Telco and Internet

Switching Gears to eSIM: The Good, the Bad, and the Game-Changing

(source: iStockPhoto)

Sliding SIM cards to your smartphone is a challenge, like poking a thread into the eye of a needle. Not only are those tiny cards easy to lose, but the process of inserting them is also frustrating.

Then, enter eSIM (embedded SIM), or what I like to call the “SIM-less SIM” or “Digital SIM,” which is beginning to make waves in the Philippine tech community. Instead of a regular physical card, it acts like a built-in feature of your device that can’t be lost or misplaced. Think of e-wallets, and you get the idea.

It sounds like any tech-savvy man should jump into, but before that, let’s look over the pros and cons first:

Pros of Using eSIM: The Clear-cut Convenience

Ease of Switching Carriers

No more physical card swaps (if you find transferring your contact number to a different mobile carrier a hassle). You can change providers without the headache of those tiny cards by remotely activating and switching between mobile carriers and plans.

Remote Management

eSIMs can be remotely provisioned, meaning that carriers can send SIM profiles to a device over the air. This benefits IoT devices, embedded systems, and other scenarios where physical access is impractical.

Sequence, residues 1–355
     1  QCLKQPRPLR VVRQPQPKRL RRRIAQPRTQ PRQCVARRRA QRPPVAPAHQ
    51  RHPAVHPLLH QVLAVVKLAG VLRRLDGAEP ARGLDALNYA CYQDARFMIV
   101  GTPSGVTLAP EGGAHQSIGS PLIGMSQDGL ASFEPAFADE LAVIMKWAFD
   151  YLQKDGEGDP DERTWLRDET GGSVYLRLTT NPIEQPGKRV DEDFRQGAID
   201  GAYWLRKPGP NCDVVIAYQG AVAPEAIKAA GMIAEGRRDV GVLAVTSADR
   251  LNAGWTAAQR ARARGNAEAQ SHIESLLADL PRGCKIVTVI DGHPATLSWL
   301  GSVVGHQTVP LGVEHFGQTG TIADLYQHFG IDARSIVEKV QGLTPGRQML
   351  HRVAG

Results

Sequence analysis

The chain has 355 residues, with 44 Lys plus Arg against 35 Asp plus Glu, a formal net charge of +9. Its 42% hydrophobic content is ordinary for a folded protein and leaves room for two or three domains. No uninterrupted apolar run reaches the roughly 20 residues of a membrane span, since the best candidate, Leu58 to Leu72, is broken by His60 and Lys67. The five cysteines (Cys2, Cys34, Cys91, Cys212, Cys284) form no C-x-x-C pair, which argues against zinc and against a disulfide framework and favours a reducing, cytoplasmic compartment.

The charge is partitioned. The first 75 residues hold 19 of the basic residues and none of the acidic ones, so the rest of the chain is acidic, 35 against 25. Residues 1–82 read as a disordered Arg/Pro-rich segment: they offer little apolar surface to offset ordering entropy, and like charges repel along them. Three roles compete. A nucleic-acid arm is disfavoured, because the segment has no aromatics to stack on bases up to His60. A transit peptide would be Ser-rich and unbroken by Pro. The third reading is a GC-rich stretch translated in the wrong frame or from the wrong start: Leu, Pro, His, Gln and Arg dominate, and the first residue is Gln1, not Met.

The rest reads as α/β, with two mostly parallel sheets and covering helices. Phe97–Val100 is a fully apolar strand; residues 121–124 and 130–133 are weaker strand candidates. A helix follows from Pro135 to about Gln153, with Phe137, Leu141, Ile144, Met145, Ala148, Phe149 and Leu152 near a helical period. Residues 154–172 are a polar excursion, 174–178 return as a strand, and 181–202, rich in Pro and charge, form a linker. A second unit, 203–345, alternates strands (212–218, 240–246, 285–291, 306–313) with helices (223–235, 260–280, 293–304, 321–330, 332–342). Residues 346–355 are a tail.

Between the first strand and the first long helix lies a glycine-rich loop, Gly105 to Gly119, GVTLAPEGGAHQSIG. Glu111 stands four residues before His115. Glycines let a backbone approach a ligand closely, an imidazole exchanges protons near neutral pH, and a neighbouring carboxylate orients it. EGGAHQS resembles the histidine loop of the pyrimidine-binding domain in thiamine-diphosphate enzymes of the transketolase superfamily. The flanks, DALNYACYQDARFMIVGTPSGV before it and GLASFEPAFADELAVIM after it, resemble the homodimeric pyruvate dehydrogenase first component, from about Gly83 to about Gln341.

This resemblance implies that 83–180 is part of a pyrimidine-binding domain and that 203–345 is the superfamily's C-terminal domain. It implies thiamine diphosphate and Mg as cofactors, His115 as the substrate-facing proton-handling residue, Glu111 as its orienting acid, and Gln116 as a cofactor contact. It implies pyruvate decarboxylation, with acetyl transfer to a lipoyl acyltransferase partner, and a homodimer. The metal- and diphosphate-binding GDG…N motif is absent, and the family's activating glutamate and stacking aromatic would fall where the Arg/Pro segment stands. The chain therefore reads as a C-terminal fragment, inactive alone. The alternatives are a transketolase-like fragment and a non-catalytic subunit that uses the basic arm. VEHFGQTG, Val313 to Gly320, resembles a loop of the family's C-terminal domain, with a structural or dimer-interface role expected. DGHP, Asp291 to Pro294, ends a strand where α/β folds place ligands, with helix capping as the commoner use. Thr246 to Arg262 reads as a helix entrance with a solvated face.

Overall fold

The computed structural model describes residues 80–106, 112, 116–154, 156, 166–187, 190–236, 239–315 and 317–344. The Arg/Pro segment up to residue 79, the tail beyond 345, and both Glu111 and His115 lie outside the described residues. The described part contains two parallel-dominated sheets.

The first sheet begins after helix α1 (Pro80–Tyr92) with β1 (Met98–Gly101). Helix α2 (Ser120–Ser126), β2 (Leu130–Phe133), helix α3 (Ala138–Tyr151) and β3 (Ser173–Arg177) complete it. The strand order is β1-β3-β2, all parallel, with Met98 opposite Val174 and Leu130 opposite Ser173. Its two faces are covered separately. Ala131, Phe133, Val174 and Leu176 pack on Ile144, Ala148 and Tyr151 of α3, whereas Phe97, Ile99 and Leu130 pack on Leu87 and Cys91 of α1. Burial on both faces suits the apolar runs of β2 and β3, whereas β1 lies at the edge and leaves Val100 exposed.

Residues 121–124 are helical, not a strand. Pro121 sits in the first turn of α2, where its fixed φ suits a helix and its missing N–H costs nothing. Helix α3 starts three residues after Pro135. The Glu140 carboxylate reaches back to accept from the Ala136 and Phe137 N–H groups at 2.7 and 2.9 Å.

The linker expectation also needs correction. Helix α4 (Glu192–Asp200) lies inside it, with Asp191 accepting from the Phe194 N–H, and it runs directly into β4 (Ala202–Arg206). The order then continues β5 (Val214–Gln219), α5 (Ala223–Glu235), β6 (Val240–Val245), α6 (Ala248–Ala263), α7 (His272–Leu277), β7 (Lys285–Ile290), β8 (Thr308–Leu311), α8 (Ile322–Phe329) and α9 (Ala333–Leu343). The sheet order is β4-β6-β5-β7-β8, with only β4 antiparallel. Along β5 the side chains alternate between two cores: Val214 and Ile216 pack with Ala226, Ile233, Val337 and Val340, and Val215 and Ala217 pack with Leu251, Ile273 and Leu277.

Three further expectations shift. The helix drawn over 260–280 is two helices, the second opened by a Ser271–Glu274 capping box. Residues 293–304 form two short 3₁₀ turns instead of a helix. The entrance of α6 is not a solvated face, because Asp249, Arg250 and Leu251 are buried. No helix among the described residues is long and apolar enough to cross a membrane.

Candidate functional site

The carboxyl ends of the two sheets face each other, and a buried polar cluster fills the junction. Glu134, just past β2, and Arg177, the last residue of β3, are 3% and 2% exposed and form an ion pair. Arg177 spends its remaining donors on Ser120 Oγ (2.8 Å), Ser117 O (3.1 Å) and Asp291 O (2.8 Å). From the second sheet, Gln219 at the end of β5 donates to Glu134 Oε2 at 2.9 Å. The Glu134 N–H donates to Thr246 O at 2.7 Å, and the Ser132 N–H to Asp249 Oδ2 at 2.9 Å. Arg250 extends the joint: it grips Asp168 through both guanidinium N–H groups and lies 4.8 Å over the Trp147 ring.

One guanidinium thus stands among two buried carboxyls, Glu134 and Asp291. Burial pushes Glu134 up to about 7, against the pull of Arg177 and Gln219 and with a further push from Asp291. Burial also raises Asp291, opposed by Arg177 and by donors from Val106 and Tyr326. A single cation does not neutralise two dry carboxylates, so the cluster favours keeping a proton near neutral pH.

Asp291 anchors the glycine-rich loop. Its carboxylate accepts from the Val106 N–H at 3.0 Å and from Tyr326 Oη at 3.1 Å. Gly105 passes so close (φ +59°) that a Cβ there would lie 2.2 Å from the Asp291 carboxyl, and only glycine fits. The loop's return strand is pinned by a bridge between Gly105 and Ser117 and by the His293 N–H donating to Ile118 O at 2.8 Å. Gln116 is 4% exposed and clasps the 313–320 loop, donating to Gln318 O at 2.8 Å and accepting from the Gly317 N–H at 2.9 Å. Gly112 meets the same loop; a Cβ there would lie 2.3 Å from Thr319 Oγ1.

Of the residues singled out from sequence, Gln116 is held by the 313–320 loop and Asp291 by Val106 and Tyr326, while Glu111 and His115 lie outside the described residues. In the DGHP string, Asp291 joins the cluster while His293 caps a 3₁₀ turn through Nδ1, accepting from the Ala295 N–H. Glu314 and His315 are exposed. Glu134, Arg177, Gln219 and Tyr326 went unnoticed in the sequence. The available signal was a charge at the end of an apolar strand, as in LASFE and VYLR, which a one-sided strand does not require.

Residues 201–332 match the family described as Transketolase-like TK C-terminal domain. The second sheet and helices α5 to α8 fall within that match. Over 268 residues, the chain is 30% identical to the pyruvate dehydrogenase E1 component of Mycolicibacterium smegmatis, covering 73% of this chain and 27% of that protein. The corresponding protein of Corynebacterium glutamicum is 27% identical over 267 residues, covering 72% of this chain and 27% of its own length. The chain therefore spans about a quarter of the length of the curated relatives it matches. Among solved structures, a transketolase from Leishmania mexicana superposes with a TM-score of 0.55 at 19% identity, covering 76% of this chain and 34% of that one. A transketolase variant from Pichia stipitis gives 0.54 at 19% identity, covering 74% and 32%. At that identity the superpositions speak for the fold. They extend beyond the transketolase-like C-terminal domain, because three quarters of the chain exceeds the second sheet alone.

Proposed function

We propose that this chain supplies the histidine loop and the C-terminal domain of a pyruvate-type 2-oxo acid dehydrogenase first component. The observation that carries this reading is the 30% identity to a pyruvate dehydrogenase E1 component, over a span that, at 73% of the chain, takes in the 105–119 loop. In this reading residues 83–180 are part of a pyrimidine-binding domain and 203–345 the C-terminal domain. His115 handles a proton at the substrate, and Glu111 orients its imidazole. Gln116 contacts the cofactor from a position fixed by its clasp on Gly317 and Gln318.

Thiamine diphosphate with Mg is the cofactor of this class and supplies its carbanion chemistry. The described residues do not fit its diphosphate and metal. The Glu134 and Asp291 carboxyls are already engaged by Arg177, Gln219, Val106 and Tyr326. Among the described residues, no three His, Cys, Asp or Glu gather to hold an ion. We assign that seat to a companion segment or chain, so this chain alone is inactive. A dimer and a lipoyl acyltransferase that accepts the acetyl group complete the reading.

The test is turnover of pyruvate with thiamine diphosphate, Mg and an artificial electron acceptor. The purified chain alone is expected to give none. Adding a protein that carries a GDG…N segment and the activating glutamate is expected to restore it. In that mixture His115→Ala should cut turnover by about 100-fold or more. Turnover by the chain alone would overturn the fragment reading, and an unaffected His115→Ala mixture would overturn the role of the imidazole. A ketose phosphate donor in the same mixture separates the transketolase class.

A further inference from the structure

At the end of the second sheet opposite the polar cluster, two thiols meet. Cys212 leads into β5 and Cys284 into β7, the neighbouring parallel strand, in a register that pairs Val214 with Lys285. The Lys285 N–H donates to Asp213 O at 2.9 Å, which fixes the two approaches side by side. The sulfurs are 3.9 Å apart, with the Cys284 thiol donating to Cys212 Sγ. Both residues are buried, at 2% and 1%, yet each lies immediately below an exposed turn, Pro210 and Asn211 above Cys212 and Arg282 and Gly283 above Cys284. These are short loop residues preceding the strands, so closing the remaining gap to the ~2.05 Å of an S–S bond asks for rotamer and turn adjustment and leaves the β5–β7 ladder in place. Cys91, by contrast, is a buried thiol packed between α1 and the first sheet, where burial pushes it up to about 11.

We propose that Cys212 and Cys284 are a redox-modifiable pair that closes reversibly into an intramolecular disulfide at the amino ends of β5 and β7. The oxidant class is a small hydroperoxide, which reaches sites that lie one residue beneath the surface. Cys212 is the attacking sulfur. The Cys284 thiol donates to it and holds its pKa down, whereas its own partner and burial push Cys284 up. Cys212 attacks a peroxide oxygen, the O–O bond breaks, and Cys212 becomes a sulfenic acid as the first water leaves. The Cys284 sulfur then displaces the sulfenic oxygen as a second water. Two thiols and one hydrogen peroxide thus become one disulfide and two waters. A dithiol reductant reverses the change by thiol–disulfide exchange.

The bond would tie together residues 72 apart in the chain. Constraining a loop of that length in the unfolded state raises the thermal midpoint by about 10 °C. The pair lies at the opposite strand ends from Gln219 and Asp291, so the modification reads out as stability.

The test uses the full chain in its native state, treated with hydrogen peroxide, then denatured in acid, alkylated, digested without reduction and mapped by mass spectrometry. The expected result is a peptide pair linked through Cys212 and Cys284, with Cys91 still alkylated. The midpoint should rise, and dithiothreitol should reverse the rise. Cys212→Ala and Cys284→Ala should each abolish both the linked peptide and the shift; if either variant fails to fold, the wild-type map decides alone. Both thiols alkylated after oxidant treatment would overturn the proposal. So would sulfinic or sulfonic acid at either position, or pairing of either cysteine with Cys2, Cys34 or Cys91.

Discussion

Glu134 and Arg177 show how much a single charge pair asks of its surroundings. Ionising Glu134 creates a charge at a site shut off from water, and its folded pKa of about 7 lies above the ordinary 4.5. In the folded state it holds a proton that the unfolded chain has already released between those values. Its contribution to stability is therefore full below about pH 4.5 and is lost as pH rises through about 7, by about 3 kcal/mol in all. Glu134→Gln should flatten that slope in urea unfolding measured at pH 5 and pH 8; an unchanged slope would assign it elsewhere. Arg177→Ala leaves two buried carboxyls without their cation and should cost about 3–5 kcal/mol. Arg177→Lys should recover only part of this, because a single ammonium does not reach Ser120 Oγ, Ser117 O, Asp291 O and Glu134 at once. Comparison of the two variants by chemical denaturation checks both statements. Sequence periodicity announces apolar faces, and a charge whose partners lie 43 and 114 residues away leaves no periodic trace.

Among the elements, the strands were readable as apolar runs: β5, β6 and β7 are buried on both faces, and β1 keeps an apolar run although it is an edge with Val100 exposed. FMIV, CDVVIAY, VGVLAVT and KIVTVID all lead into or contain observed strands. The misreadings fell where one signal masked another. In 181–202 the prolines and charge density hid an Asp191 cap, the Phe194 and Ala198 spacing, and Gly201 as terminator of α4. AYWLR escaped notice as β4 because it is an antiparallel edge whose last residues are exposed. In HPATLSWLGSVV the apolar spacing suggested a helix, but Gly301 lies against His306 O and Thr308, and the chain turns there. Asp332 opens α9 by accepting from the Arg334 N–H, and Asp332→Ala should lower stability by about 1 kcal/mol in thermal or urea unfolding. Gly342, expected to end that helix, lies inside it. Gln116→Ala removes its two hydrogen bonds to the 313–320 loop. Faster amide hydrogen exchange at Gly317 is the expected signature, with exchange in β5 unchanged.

If eSIM becomes more of a thing in the Philippines, mobile carrier companies can invest less in producing physical ones– which means it is better for a greener planet.

More-than-dual SIM Capability

With eSIM, a device can support multiple carrier profiles simultaneously. This is especially useful for travelers or individuals needing separate personal and work phone numbers.

Cons to Consider: Too Early To Engage

Limited Availability

As I mentioned, eSIMs is still starting out in the Philippines. You only have a couple of options to get an eSIM in the country: Smart, which offers postpaid and prepaid customers, and Globe, which already provides it to postpaid customers, while making it available to prepaid customers by late September.

Device Compatibility

Another limitation would be the model of your device. Only the latest– and usually premium handsets like iPhone or Pixel– support eSIM, so you’d need to ensure your smartphone is compatible first.

Troubleshooting Challenges

When it comes to traditional SIMs having connection or signal issues, a common troubleshooting step is to remove and reinsert the SIM. But if eSIM faces similar problems on your phone, it could be more complicated to fix alone.

Ultimately, while eSIMs offer convenience and flexibility that traditional SIM cards can’t match, it’s essential to weigh the pros against the cons to decide what’s best for your needs.

What do you think of eSIMs? Do you find it helpful or just another trend? Please share it in the comments below!

Written by
Soren Rivera

Coffee-fueled blogger with a penchant for tech and anything else that's fun under the sun. Still at bronze rank at changing diapers.

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